Loudoun students continued to show improvement on scores in the Stanford 9 achievement tests administered last fall compared with those of students nationally. School officials said the scores, released earlier this month, also showed that Loudoun is chiseling away at the achievement gap between white and minority students.
"Whether I take the long view or I look at this one year in comparison to last year, I feel good. We're on a positive trend," said Sharon D. Ackerman, assistant superintendent for instruction.
Students in Loudoun take Stanford 9 tests in the third through sixth grades and again in the eighth and ninth grades. The tests measure knowledge of general curriculum that education experts say students should know at specific grade levels. Although the tests are not crafted around Virginia's state curriculum, test questions are written by the same company that writes the Standards of Learning (SOL) exams and the two tests are similar, said Loudoun testing director Herbert Root.
Scores on the Stanford 9 are reported as percentiles, meaning, for instance, that a student who scores at the 50th percentile performed better than 50 percent of the students who took the test. Likewise, a student at the 90th percentile scored better than 90 percent of students who took the test nationally.
Over the past five years, the percentile ranking of Loudoun students has improved in all subjects and at all grade levels except the ninth grade, where scores have stayed steady.
Ackerman said scores tend to rise by just a percentile point or two each year, but the difference was still impressive because the scores of many students must improve to affect the percentile rankings for the whole system.
The scores also mirror Loudoun's results on Virginia's required SOL tests. The percentage of Loudoun students who pass their SOL tests has gone up each year since the exams were introduced in 1999.
Administrators said they have been particularly pleased with student's scores on Stanford 9 math tests. The percentile ranking of students in third grade has risen from 65 in 1998 to 72 this year. Scores have shown similar gains at other grade levels and across all ethnic groups.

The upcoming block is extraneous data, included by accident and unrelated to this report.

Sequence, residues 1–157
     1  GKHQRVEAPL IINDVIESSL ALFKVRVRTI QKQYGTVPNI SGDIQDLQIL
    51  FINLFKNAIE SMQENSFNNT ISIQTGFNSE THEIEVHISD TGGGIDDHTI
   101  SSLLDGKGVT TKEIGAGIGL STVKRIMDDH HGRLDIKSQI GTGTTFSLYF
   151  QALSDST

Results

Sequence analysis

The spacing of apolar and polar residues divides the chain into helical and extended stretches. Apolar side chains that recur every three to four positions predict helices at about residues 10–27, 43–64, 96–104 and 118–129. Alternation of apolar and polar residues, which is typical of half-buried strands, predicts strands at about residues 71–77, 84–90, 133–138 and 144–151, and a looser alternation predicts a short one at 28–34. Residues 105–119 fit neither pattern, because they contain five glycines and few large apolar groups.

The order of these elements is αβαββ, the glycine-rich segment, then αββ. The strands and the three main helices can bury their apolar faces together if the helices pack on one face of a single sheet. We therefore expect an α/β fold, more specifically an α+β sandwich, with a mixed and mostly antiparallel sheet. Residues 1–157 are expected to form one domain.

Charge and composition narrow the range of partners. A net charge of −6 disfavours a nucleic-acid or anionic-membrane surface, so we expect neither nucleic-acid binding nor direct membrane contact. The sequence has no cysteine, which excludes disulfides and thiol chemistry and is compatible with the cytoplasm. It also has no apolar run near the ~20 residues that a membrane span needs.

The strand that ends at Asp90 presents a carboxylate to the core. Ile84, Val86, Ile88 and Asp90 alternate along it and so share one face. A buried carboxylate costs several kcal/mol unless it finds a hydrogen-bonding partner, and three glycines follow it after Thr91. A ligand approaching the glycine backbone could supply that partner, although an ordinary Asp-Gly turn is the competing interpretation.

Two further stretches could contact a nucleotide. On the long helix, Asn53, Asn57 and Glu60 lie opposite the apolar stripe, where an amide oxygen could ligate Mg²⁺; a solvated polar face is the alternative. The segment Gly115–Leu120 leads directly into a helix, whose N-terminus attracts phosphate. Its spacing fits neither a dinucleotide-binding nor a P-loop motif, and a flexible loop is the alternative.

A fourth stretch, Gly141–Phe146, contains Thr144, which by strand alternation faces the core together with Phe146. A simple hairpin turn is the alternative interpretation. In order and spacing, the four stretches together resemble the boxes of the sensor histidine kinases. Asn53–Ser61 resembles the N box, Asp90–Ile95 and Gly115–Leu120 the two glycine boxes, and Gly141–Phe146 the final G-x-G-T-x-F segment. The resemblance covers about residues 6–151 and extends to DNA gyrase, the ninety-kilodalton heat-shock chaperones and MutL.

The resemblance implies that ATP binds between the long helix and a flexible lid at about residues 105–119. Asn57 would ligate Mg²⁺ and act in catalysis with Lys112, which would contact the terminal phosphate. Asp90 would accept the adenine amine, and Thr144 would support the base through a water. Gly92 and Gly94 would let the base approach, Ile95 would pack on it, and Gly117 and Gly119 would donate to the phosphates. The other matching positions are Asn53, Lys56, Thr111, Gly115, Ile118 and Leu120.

"That certainly seems to be the most steady increase," Ackerman said. "Others have peaks and valleys -- that seems to be a dramatic incline."
Ackerman said administrators have analyzed math test scores and think a computer program students have been using in elementary school since 1999 may have helped with some of the improvements.
She said administrators were also pleased to see that the gap between the scores of white and minority students has been narrowing on most tests. In middle and high school, especially, the gap between the scores of black and white students on the Stanford 9 reading test has been closing.
Administrators said the Stanford 9 testing provides a helpful snapshot of how Loudoun students are doing compared with students in the entire country. Loudoun students take the tests in the fall, which often helps identify those who are in danger of failing their SOL tests in the spring.
County school officials are able to distribute page after page of data from the tests to schools, which can use them to target individual students for more work and subject areas where classes are weak.
"We have the capacity to take this data apart like we never have before," said Mary Morris, principal of Evergreen Mill Elementary School in Leesburg. For instance, Morris said, scores at Evergreen have been excellent -- but carefully analyzed data show teachers should work especially hard on teaching fractions, decimals and preparatory writing for essays. "We can get down to the nitty-gritty," she said.